With their second LP, Symbionese Liberation Album, veteran underground hip-hoppers Third Sight step up their game to a new level. While I can’t really condone the group’s politics at all (the album’s cover and title are a tribute to the Symbionese Liberation Army, also known as “those bank-robbing, home-invading, gun-toting hippies-gone-bad that kidnapped Patty Hearst”), their views on hip-hop are much more conventional, leaning toward the golden-oldie combination of MCing and DJing that has fueled so much of the genre’s history (“It Takes Two”, remember? Third Sight have three). And while it might not be innovative, it’s a great continuation of a past formula and a throwback to a wonderful state of mind for hip-hop heads.
The album starts off nicely with the badass full-body stagger of “Hypothermia” on into the thumping “Tonto” and “Crawl Space”, one of the definite highlight tracks. The production throughout is remarkably solid, supplied primarily by D-Styles and Dufunk, with some outside help handling a few songs. “The People vs. The Fake” is all jaunty crawling string bass, staring you down darkly/(temptingly?) as it sashays from side to side; “Idle Smasher” is a tinkly nightmare-in-a-music-box, scintillating candy-colored glass, rhyming “Batman and Grendel” with “Gregor Mendel” in the urgent disorientation of a dream (it would be tugging insistently on your sleeve if it weren’t whirlwinding you with it.) The interestingly-named “Harry Scrotum” creates tension through contrast by pairing alternately thoughtful and pornographic rhymes with a droning, mournful cello the monologue from Sir Limpdic at the track’s beginning is the embodiment of alienated loneliness. “Nine in My Pocket” is pensive piano, “UCP” a deliciously unplugged beat-boxing stomper (damn near a cappella, but in a good way).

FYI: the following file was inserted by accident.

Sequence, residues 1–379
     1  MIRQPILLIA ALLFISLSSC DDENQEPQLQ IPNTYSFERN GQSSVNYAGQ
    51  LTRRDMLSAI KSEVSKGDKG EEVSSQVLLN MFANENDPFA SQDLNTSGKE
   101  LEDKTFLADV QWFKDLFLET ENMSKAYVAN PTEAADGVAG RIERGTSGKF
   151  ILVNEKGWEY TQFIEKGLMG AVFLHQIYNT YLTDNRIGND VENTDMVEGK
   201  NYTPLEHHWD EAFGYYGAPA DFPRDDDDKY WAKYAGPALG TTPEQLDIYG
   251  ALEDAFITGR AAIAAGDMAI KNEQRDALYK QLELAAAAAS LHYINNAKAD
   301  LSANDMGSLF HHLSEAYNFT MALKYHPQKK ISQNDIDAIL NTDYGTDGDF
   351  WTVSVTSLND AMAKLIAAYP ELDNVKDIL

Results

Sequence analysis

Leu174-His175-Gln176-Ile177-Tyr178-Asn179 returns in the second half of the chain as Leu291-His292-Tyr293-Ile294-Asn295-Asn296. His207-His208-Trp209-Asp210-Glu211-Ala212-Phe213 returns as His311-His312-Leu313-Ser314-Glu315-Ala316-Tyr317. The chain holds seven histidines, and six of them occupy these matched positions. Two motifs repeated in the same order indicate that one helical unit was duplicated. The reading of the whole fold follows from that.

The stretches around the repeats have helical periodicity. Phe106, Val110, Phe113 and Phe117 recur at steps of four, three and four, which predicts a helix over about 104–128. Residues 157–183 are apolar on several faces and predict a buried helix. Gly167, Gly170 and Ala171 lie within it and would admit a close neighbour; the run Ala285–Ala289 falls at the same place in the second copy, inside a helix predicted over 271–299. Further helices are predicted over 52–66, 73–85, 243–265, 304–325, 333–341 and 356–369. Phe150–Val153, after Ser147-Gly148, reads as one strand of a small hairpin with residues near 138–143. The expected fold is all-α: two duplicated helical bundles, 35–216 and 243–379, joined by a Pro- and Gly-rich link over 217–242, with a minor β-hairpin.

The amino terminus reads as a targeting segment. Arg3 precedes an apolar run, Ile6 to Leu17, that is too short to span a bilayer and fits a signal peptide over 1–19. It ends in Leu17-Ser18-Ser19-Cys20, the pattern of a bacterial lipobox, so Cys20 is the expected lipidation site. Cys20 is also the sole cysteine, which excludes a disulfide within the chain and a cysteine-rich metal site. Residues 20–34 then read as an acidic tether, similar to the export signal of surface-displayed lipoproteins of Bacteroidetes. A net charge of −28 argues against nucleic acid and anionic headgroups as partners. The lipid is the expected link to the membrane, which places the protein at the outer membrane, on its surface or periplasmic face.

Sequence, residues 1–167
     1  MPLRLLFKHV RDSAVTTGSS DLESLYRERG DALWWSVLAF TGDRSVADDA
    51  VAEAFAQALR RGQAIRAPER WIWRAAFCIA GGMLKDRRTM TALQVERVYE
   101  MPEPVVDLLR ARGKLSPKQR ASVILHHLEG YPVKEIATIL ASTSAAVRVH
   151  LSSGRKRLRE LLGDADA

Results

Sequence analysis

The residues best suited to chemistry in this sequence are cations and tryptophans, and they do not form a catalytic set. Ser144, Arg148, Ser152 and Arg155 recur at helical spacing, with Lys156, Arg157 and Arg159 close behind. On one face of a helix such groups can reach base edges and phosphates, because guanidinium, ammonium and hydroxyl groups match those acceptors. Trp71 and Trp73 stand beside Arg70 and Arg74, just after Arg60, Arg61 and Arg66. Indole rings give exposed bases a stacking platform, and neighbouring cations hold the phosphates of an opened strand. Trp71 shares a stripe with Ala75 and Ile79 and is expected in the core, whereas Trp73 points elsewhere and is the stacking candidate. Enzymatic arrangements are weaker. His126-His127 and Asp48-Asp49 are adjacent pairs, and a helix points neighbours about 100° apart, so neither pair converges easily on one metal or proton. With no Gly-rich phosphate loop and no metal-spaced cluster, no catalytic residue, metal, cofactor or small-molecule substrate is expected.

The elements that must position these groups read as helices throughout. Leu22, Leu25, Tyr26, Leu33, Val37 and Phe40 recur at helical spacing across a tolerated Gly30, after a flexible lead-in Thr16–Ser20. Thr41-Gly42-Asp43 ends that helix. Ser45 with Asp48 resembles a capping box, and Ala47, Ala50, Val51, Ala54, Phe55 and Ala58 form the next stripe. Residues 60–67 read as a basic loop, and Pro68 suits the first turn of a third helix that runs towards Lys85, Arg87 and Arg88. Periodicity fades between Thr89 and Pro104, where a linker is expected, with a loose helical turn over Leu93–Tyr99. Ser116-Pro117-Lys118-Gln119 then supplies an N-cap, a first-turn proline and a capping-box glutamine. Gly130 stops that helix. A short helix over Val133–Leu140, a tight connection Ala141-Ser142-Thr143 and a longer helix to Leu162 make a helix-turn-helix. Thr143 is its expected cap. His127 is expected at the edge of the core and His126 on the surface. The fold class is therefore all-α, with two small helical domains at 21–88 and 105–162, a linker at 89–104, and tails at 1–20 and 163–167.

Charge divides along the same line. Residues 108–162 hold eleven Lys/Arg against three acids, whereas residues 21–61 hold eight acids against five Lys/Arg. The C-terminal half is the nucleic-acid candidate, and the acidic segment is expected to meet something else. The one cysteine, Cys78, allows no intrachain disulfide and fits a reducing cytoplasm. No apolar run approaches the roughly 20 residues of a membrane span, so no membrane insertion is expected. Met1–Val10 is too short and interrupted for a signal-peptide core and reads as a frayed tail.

D-Styles especially manipulates his vinyl sharply and is entirely on point. This is to be expected; he was in Invisibl Skratch Picklz. But he seems to enjoy it, a cultured, adult enjoyment. He tears records into little pieces like Cookie Monster on a plate of sweet sugary heaven. Jihad does equally well by his rapping: he’s a new-school flow-er with an old-school mentality, mixing his braggadocio/wack-dissing with a few story tracks and the odd social commentary. On story track “Run”, he convincingly assumes the persona of a ruthlessly cold killer-for-hire, the cinematic feel helped by terse fist-nail-fuls of steel guitar and ominous sustained strings; the scratched sample hook from what sounds a lot like Slick Rick is vastly more terrifying than imagined. Jihad is much like this killer-for-hire, his blank-slate face and just-human-enough-to-be-interesting, just-robotic-enough-to-be-terrifying pitter-patter flow rumbling up inexorably like a distant drum. Wack emcees please him none; he disses what he terms the “rabbits” in the worst ways possible, and he’s one tough sonofabitch (to quote from the unambiguously addressed-to-wacks “Stop Rapping”: “I hope your kids starve / I hope your kids starve”). Taken altogether, it’s a somewhat calmly paced dish but undeniably hard-hitting.
Third Sight is not the lithe, limber athlete on the playground with the relentless barrage of blows. Shirt off, sweaty, graceful muscles, dodging/ducking/parrying (a human blur). Third Sight will not run up on you in the blink of an eye, will not startle you with a sudden punch to the face. Third Sight is the heavy, solid kid striding over from the back, that you see coming from fifty feet away but are too paralyzed by fear to avoid. Plodding, never awkward, slow but relentlessly d-o-p-e. And this kid has a wicked right hook.
There’s no real focus or thematic cohesiveness to the album. Third Sight laugh in your face. Do they need a focus? They’re beats and rhymes, beats and rhymes, hip-hop culture and dope dope dope. Nothing more, nothing less, nothing wack.
// Sound Affects
"The man whose songs were recorded by Johnny Cash, Alan Jackson, Ricky Skaggs, David Allan Coe, The Highwaymen, and countless others succumbs to time’s cruel cue that the only token of permanence we have to offer are the effects of shared moments and memories.READ the article